Under the deal, the insurgents gain power sharing and amnesty for war crimes, but the United Nations says that immunity will end at the nation's borders.
The agreement is the second in three years aimed at ending a conflict that has killed tens of thousands of people. Many others have been maimed, kidnapped or raped and more than half of the West African country's 4.7 million people are displaced.
I shall sign it as president of Sierra Leone, but more importantly I shall sign it for the thousands of children of Sierra Leone, Kabbah said.
Shortly before signing, Kabbah lifted high 2-year-old Maimouna Massira, whose right arm had been hacked off by rebel fighters. The girl clutched a teddy bear with her remaining arm.
This is the product of war, Kabbah said to roars of agreement from the mainly Togolese and Sierra Leonean crowd. I hope we shall all learn from this and try to embrace peace.
Sankoh, clad in shiny white robes, was silent for most of the ceremony. But after the signing, he apologized for rebel war crimes.
Let us try to forgive. We are asking for forgiveness. We need the support of everyone, especially our brother the president, he said.
But U.N. officials, under pressure from human rights groups, refused to recognize the peace agreement's amnesty clause for war crimes.
The U.N. Special Representative for Sierra Leone, Francis Okelo, signed the agreement with a disclaimer saying the amnesty does not cover human rights violations, spokesman Manoel de Almeida e Silva said in New York.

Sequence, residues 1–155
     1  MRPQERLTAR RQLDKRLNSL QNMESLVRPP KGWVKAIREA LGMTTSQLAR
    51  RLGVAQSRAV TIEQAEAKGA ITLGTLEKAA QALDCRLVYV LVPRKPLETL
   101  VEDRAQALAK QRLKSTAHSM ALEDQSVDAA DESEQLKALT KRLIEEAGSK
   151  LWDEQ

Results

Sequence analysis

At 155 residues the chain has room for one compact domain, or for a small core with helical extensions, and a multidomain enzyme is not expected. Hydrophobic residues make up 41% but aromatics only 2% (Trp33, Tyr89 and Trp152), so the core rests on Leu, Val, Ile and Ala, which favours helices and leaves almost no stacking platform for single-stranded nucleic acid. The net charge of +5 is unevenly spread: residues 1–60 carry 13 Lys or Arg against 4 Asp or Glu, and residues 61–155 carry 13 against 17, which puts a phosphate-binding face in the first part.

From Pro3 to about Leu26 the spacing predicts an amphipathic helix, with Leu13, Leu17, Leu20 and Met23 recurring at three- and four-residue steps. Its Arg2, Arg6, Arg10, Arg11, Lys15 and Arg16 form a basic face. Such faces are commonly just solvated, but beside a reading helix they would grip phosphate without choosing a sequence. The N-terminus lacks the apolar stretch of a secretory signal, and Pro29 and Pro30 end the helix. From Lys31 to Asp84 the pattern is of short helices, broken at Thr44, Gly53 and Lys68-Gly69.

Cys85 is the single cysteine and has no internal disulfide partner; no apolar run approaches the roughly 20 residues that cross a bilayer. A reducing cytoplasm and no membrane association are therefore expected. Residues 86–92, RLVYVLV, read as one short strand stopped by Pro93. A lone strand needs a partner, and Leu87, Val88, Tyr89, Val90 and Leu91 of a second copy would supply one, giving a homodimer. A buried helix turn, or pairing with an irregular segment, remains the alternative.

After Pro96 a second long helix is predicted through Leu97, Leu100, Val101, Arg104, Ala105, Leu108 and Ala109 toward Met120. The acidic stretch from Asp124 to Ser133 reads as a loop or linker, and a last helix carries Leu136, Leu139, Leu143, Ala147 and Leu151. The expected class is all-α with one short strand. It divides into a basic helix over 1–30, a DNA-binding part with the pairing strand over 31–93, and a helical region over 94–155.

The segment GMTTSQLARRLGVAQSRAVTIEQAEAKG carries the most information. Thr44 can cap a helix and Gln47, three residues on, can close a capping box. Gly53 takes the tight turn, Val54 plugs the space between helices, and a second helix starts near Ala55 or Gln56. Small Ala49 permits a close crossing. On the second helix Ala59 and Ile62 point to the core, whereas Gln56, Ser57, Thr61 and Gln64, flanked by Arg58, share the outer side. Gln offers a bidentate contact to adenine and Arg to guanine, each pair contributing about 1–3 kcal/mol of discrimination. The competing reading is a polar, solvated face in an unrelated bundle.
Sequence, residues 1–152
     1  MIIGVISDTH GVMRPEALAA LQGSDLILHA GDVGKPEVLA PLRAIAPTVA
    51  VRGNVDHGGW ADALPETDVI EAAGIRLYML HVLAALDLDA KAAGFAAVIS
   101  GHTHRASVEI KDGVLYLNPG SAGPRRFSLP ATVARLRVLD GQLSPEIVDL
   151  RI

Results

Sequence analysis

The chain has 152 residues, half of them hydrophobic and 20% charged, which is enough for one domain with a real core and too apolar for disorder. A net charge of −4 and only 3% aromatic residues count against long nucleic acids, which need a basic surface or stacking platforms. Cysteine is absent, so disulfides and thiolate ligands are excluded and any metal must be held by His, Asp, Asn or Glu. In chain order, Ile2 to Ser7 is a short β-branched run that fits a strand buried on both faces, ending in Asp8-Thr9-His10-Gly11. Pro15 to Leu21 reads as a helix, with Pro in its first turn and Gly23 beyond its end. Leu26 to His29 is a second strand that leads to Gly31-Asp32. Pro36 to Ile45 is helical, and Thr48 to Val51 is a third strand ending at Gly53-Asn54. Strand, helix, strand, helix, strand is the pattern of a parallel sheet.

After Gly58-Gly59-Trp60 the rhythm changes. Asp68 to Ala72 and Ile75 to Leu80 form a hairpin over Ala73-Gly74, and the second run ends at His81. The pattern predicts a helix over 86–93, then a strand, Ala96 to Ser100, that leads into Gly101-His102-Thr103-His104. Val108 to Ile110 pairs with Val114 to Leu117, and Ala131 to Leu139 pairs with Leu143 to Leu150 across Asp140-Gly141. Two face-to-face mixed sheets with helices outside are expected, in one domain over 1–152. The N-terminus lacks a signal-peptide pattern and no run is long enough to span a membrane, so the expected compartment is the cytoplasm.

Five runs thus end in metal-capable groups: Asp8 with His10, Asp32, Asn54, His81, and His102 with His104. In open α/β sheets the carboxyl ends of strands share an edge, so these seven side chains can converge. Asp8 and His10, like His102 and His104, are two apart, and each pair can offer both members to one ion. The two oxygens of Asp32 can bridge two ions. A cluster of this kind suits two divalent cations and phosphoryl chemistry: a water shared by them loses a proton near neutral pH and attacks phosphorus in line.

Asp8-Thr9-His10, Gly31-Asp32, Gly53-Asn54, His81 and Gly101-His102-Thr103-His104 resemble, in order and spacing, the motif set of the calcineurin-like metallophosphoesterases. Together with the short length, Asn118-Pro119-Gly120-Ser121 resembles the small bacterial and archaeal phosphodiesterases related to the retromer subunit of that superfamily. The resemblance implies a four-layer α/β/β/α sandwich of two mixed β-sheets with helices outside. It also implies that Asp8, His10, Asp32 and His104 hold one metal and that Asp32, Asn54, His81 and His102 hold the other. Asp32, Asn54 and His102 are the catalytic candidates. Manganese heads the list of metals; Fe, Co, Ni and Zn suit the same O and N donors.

While any sovereign state may grant amnesty for violation of its national laws ... the United Nations will not recognize that amnesty as applying to gross violations of human rights, de Almeida e Silva said.
He would not say, however, what the United Nations would do to make sure those who committed atrocities are punished.
The presidents of Nigeria, Burkina Faso, Liberia and Togo signed the accord as witnesses. But questions remained as to whether the peace deal would be accepted by fighters and civilians.
A 1996 peace deal collapsed after several months when rebel and military forces toppled Kabbah's government. The bloodletting that followed was worse than at any time since the war began in 1991. Kabbah returned to power last March.
In a long-expected move, Kabbah gave Sankoh amnesty. The rebel leader had been sentenced to death for treason last October.
In a written statement released while he visited South Dakota, President Clinton said the agreement offered the hope of ending a terrible conflict in Sierra Leone and bringing peace and a brigher future for its people.
Both the United States and Britain are closely involved in the peace process in Sierra Leone and had envoys who observed the month-long negotiations and witnessed the peace accord.
©1999 CBS Worldwide Corp. All rights reserved. This material may not be published, broadcast, rewritten, or redistributed. The Associated Press and Reuters contributed to this report